Tag: portals


Effective Portals Article in Intranets Today

November 2nd, 2008 — 11:17am

Read­ers active in the enter­prise, intranet, por­tal, and syn­di­cated con­tent & func­tion­al­ity spaces might be inter­ested in The Build­ing Blocks of Effec­tive Por­tals that appears in the Novem­ber / Decem­ber issue of Intranets Today.
Intranets_logo.gif
Intranets is one of the lead­ing pub­li­ca­tions focused on these top­ics, with reg­u­lar con­tri­bu­tions from the likes of Rachel Alexan­der, Jane McConnell, and James Rober­ston.
You will need a log-in to read the com­plete arti­cle on-line, but per­haps you were think­ing of sub­scrib­ing, and this will pull you in.

Comment » | Building Blocks, Enterprise, Information Architecture

Frameworks are the Future of IA: A Case Study and Example

August 20th, 2008 — 7:43am

Sep­tem­ber in Ams­ter­dam approaches: in addi­tion to the inevitable mix of clouds, rain, more rain, and tiny sliv­ers of sun­light, Sep­tem­ber means EuroIA 2008, where yours truly will speak about design frame­works.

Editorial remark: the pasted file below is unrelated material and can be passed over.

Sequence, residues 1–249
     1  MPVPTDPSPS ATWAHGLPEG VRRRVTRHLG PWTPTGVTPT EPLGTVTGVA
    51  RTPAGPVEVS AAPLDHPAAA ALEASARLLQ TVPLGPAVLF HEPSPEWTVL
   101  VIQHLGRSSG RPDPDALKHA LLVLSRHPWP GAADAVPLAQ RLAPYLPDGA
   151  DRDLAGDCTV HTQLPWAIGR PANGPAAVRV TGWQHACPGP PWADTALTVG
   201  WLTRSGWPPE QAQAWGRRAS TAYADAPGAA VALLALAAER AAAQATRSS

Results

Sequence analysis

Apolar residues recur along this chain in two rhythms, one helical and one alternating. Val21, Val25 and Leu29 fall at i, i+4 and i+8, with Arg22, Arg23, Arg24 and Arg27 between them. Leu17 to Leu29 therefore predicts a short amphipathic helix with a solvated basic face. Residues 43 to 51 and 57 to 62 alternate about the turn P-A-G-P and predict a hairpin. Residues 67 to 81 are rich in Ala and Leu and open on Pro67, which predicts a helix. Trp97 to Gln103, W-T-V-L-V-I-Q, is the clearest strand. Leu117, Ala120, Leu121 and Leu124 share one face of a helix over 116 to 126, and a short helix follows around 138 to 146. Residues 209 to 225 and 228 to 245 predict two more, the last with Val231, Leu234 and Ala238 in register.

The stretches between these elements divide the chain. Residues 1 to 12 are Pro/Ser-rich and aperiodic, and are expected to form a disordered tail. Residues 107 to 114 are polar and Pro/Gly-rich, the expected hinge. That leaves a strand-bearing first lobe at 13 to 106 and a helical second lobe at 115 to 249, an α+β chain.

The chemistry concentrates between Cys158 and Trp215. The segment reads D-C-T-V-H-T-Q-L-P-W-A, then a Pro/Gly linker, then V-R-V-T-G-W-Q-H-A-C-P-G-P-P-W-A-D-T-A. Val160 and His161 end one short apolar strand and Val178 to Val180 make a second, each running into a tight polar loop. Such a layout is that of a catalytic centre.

In case you can’t make the con­fer­ence, here’s a text only sum­mary of my talk. Pic­tures will fol­low the pre­sen­ta­tion — promise!

It’s a DIY Future
The Web is shift­ing to a DIY [Do It Your­self] model of user expe­ri­ence cre­ation, one where peo­ple assem­ble indi­vid­ual com­bi­na­tions of con­tent gath­ered form else­where for expres­sive, func­tional, and (many) other pur­poses. The rapid growth of wid­gets, the resur­gence of enter­prise por­tals, the spread of iden­tity plat­forms from social net­work des­ti­na­tions to blog­ging ser­vices, and the rapid increase in the num­ber of pub­lic APIs syn­di­cat­ing func­tion­al­ity and data, are all exam­ples of the DIY shift.

Archi­tects of the Future
For design pro­fes­sion­als, the defin­ing char­ac­ter­is­tic of DIY future is co-creation: the par­tic­i­pa­tion of a broad spec­trum of peo­ple in cre­at­ing expe­ri­ences. In this new world, the role of design­ers is to define the tools co-creators use to assem­ble expe­ri­ences for them­selves and oth­ers. These tools will increas­ingly take the form of design frame­works that define the mod­u­lar com­po­nents of famil­iar struc­tures such as social net­works, func­tional appli­ca­tions, col­lab­o­ra­tion plat­forms, per­son­al­ized dash­boards, and man­age­ment con­soles.